Personally, I'd ignore scalability problems and the like - if it's a hobbyist game then I don't expect server performance to be an issue. Fine, it may be hard to change afterwards, but it's dead easy to learn from mistakes and do it right the second time around.
After all, the only thing the servlet had to to was to act as a pipeline, so why not accessing the source directly?
Well, it's not quite just a pipeline. The servlet can detect IP addresses and add them to the DB, and expire settings on timeout etc. Without the servlet, is the client applet going to work out its IP and add that to the list? How are you going to handle private IP ranges etc? An applet may think it's running on a machine called 10.1.4.56, but the rest of the world may disagree.
Also, if the servlet detects a large number of requests from one particular machine, it can just ignore them. No problem.
However, I'm not just labouring the point - there's another good reason for using a servlet to talk to the database:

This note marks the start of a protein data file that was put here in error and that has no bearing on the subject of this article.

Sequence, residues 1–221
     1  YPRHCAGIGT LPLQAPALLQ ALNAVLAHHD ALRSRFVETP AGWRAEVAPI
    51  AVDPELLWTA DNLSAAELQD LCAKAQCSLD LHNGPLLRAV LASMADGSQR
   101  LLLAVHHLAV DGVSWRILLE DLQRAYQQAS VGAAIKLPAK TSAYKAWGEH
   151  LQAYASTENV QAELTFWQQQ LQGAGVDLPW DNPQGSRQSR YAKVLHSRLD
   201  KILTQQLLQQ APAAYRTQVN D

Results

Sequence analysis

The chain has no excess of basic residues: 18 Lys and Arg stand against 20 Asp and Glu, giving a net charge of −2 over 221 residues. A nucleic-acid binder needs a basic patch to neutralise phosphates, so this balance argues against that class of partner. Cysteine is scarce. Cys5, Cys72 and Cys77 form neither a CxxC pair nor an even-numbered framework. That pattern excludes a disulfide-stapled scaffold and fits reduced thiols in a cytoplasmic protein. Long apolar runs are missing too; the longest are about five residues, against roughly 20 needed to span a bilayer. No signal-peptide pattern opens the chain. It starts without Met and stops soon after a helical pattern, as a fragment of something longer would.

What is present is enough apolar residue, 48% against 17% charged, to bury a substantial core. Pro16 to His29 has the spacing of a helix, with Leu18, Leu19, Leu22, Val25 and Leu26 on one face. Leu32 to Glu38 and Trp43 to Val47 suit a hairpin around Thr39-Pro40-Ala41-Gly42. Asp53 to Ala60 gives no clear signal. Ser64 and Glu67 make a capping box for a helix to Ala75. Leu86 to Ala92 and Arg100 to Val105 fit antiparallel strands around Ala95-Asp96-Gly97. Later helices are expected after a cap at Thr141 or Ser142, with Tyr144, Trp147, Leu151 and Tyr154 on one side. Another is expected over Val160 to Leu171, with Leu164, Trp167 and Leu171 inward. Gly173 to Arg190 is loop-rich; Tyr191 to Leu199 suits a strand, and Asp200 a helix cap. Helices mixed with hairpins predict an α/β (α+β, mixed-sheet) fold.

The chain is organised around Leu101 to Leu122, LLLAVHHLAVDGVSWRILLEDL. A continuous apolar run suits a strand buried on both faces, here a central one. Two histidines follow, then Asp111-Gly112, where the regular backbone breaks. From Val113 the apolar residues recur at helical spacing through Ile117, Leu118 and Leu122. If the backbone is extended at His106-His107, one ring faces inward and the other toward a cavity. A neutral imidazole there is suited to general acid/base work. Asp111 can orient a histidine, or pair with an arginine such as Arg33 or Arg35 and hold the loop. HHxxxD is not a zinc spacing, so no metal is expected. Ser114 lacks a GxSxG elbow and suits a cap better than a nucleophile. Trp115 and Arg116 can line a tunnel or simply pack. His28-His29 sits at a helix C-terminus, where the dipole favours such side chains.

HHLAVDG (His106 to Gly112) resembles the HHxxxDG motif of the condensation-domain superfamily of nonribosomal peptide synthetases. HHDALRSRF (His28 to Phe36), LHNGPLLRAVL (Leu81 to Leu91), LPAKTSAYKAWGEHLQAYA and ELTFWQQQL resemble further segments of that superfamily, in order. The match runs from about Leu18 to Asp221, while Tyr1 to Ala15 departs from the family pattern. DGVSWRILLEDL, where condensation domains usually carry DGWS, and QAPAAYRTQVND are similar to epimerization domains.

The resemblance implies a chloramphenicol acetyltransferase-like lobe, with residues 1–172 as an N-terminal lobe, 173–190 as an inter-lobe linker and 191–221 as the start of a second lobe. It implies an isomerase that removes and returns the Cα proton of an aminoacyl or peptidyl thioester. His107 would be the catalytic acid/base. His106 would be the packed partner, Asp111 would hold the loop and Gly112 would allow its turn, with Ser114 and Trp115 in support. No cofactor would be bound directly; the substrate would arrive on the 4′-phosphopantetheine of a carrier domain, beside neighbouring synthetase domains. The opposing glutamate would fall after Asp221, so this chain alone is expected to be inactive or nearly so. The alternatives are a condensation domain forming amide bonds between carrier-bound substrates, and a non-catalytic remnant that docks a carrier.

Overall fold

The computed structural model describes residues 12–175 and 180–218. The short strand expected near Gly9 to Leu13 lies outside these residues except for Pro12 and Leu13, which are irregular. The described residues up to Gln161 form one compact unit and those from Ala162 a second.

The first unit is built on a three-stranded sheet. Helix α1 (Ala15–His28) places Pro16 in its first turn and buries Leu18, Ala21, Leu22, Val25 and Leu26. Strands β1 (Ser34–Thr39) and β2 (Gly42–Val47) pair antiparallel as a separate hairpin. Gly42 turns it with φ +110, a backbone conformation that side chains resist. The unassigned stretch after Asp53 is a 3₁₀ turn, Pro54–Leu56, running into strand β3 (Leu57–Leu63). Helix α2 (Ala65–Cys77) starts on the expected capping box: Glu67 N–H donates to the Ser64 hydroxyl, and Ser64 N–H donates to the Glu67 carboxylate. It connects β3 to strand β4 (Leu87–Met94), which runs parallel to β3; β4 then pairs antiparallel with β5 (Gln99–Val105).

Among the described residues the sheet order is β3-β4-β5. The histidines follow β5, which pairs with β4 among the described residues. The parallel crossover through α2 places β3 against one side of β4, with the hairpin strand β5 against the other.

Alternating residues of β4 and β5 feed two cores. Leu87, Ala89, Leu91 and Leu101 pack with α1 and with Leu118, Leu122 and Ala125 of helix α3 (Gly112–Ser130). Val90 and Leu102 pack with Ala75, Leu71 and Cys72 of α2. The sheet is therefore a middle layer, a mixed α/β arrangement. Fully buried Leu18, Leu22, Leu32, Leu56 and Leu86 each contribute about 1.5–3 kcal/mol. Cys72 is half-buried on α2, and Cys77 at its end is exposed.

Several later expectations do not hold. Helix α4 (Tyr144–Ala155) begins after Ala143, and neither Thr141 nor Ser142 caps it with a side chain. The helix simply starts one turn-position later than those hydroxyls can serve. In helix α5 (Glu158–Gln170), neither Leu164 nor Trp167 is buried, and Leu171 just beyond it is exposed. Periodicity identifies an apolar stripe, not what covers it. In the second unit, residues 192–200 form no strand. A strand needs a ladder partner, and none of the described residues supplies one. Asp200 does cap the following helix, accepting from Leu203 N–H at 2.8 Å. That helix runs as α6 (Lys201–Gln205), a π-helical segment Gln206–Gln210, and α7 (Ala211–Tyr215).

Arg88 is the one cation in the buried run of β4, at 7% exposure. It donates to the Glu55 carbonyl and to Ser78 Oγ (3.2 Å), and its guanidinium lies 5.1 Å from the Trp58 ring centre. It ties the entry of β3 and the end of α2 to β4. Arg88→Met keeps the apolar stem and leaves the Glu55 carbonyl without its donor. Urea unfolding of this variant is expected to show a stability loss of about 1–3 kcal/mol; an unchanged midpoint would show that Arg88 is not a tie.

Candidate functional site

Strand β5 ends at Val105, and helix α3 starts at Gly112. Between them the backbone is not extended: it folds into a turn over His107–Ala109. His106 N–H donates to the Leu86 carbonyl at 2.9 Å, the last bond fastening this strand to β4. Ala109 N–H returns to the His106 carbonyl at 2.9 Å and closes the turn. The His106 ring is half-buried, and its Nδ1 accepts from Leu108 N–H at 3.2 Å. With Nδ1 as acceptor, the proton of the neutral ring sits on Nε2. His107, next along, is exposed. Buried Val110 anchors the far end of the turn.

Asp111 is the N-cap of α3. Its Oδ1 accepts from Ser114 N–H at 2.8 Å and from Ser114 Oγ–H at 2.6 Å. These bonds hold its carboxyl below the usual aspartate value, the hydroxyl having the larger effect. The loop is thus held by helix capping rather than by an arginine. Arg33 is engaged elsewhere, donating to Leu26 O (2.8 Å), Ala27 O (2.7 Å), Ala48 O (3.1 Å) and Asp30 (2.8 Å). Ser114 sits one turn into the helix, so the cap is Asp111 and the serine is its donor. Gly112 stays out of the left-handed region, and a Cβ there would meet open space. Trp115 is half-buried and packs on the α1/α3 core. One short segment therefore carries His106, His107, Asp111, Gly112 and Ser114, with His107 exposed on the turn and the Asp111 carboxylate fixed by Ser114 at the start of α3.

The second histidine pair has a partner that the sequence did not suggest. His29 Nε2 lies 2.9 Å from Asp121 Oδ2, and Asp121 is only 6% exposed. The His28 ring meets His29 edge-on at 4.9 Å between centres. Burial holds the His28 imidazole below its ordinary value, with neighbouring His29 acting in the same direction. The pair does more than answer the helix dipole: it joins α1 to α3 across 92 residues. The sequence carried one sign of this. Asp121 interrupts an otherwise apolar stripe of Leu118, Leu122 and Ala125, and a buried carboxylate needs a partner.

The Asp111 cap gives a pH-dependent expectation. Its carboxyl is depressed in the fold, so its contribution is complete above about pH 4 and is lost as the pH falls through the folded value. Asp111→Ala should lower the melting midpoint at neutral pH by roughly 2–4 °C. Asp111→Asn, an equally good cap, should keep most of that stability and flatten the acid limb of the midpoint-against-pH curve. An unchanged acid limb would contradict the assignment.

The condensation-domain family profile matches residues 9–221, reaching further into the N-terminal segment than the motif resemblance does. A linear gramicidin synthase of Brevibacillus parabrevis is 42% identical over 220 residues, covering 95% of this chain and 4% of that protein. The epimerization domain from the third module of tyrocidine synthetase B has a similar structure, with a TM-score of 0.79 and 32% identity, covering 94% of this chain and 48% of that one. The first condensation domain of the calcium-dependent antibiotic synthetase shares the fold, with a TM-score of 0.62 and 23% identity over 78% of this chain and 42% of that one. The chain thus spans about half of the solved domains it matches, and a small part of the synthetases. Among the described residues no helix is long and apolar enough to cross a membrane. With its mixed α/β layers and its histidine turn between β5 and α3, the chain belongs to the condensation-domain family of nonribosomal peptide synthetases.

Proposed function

what i'm searching for remains the same: a simple java example opening a database lying on the web. If anyone is able to do this, it would be very appreciated.
I don't think you'll be able to do this. Another advantage of the servlet is that the client talks HTTP to it. If you want the client to directly access a database, you'll need to be sure that intermediate firewalls will allow JDBC traffic through. I wouldn't bet on this at all! You'll need something
on the server to startup and shutdown the DB anyway, may as well make it the servlet. Databases are too "raw" for public access anyway - they are almost always (99.99%) accessed via an interface of some kind.
I'm afraid the advice here is good advice, and actually cuts down the amount of work you need to do:
A single servlet on the webserver using (for example) HSQLDB as a JDBC data source.
Create an in-memory one-table DB on servlet init.
Don't worry about usernames/passwords, detect IP addresses automatically for addition to the DB.
Log the IP and the time the data was added.
Have the client send a "refresh" message every minute of run-time.
On a "refresh" message, reset the time against the IP to the current time.
Every two minutes or so delete all rows from the table where the listed time is over five minutes in the past.
How does that sound? This way you don't need to worry about ODBC or registering the data source with anyone - it's held entirely internal to the servlet. Noone else even knows it's there.
(PS: In fact even this is overkill - for storing a list of IPs you may as well stick them in a Java collection or something! Is there anything else you want the DB there for?)